Two Pillars Keep Haigazian Standing Strong

Haigazian University would not be here today without the outstanding leadership it has had over the last 60 years. Two such passionate visionaries were Dr. John Markarian and Wilma Cholakian.

It was a memorable day in 1955 when John Markarian, a young tenured religion professor at La Fayette College in Pennsylvania, relinquished that position by accepting the invitation to serve as founding president of Haigazian College. History proved the decision providential.

Haigazian University benefactor Joyce Philibosian Stein with Dr. John Markarian, president, at his 90th birthday celebration
Haigazian University benefactor Joyce Philibosian Stein with Dr. John Markarian, president, at his 90th birthday celebration

Stephen Mehagian and his wife Mary, of Phoenix, Az., were the first to dream of the possibility of a college in Lebanon. Mary was the daughter of Dr. Armenag Haigazian, the martyred headmaster of the Jenanyan Apostolic Institute of Konia, Turkey. The Mehagians met with Mr. and Mrs. Stephen Philibosian of Philadelphia. They shared a vision for a college in Lebanon—Haigazian College.

Markarian arrived in Beirut with his wife and young daughter. With a faculty and staff of 12, and 50 students, a small family was formed. All were eager to embark on this new venture, and to face many challenges together. Fortunately, benefactors quickly recognized and addressed the needs for a school in the Middle East. Markarian’s first term as president lasted until June 1966. The expanded campus by then included the campus icon—the Mugar Building—complemented with the Aharonian, Philibosian, Heritage, and Mehagian Buildings.

Civil War would rage in Beirut for the next 10 years of Markarian’s presidency, from 1972 to 1982. Yet, this erudite pastor and educator provided a haven for students at Haigazian, even as bombs were falling and chaos reigned.

Markarian, and his courageous wife Inge, developed the strategy of loving the enemy with food and drink, not hostility. Their inspiration: Romans 12:20: “If your enemies are hungry, feed them; if they are thirsty, give them something to drink; for by doing this you will heap burning coals on their head.” They fought the war from their dining room, not in the streets. They opened their doors to all—resurrecting, in this one institution, those colleges long lost in Turkey by the genocide.

With a student body representative of various religious and political leanings, Markarian’s unique form of diplomacy and understanding of students and various political factions was legendary. Haigazian, with a current student body of 950, is now one of the leading universities in the Middle East, and the only Armenian university in the diaspora. However, the former rule that “No qualified Armenian student is ever denied entrance” unfortunately no longer holds true. Many Armenian students, including some refugees, do not even apply as the $8,500 tuition is beyond their realm of possibility—a critical reason to raise funds for the continued mission of Haigazian’s remarkable vision.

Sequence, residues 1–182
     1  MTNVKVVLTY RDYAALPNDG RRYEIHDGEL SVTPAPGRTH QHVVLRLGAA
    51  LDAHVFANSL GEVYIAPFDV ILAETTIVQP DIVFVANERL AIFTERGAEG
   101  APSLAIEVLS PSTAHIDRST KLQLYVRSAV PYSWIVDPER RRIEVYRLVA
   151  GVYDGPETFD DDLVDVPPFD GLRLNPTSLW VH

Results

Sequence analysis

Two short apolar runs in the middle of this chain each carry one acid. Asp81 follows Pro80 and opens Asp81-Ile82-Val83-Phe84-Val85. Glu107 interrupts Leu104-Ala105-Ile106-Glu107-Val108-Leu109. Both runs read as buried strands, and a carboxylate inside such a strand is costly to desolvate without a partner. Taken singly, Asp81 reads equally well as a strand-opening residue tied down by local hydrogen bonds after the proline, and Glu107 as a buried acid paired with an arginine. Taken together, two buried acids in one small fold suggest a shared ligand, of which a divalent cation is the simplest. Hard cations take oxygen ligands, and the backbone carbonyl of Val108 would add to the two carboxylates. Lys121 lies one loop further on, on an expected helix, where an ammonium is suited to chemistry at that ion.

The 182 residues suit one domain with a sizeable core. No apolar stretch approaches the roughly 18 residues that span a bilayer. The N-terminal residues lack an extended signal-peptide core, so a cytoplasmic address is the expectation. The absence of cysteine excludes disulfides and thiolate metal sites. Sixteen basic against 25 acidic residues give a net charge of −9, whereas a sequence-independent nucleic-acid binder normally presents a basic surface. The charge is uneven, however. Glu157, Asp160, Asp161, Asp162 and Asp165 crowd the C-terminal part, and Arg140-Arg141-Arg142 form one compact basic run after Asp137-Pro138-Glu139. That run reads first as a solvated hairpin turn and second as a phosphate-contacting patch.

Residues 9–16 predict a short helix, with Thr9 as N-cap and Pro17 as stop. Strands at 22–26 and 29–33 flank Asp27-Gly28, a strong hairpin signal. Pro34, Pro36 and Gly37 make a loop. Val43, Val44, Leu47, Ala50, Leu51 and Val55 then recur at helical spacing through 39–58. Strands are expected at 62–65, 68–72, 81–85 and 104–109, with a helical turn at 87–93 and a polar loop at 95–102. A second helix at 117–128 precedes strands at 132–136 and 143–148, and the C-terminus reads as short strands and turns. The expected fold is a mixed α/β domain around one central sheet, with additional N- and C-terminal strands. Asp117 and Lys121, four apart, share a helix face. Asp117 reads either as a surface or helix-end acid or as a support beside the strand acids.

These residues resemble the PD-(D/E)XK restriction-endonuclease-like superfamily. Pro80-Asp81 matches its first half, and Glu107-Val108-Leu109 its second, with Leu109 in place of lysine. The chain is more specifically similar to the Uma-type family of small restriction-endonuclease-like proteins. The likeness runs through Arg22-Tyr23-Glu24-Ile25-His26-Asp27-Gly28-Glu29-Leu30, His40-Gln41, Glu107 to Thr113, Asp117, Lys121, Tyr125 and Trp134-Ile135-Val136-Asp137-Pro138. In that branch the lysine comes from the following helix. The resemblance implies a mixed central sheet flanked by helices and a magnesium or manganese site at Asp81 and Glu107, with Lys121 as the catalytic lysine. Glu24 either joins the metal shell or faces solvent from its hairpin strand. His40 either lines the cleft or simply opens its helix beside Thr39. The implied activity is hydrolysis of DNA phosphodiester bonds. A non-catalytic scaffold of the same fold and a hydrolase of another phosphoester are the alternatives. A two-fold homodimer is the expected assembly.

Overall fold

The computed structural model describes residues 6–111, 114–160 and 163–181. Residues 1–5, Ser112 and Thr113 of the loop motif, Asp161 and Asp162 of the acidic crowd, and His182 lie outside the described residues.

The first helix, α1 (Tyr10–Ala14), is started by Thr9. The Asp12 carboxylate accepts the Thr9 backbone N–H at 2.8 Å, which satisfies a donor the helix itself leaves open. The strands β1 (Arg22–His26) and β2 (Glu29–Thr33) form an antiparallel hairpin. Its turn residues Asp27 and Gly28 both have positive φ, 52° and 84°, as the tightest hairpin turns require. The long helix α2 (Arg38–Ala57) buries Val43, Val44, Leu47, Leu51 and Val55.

Markarian’s experiences and influence over the years could fill a book; they do in his memoir, Thirsty Enemy, a testimony to his principle of “overcoming evil with good.” He is now 98 years old, and lives with Inge in West Pittston, Pa. His life-long passion for tennis and golf have subsided. His memories of Haigazian and the wonderful friendships made along the way are always present. One need only speak to him on the phone to hear his still-vibrant voice—recalling his wonderful, challenge-filled years at the university.

After Markarian’s final retirement, the university was left without a shepherd. However, during those crucial war years, Wilma Cholakian, administrative dean, became the quintessential hero of Haigazian University. She was absolutely fearless during Lebanon’s Civil War. Always in harm’s way, Cholakian served Haigazian as the intrepid administrative dean from 1985 to 1995. In these 10 years, she accomplished an amazing feat—moving the war-beleaguered university to Christian East Beirut. She accomplished all of this while at the same time maintaining a high level of academics in West Beirut.

Among many of her heroic efforts, Cholakian boldly secured the safety of Haigazian’s priceless Armenian Library. Prior to her role as administrative dean, she served as Haigazian’s registrar and academic dean. Her unwavering strength, energy, and determination held up the student body throughout their college experience. Indeed, Cholakian was the essence of Haigazian and will always be remembered with the greatest of admiration.

A 60th Anniversary Gala Celebration on Oct. 3 will officially launch a $6 million endowment fund expansion campaign for Haigazian University. Celebrations will continue after the performance with a Black Tie Gala Supper in the stunning Grand Hall of the Dorothy Chandler Pavilion in Los Angeles, Calif.

For more information, call 1-844-809-4860 or visit www.haigazian.org.

Guest Contributor

Guest Contributor

Guest contributions to the Armenian Weekly are informative articles or press releases written and submitted by members of the community.
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2 Comments

  1. I had the privilage and honour to meet Dr Markarian and his lovely family at Haigazian in the early 60s and even be invited to their house for Christmas celebrations. Kindness and goodness just radiated through him.

  2. I lived in the same rooming house with Wilma in the late 60’s…She was also the Maid of Honor at my wedding in 1970..I unfortunately lost touch with her after she returned to the Middle East..I would like to know more about her passing..

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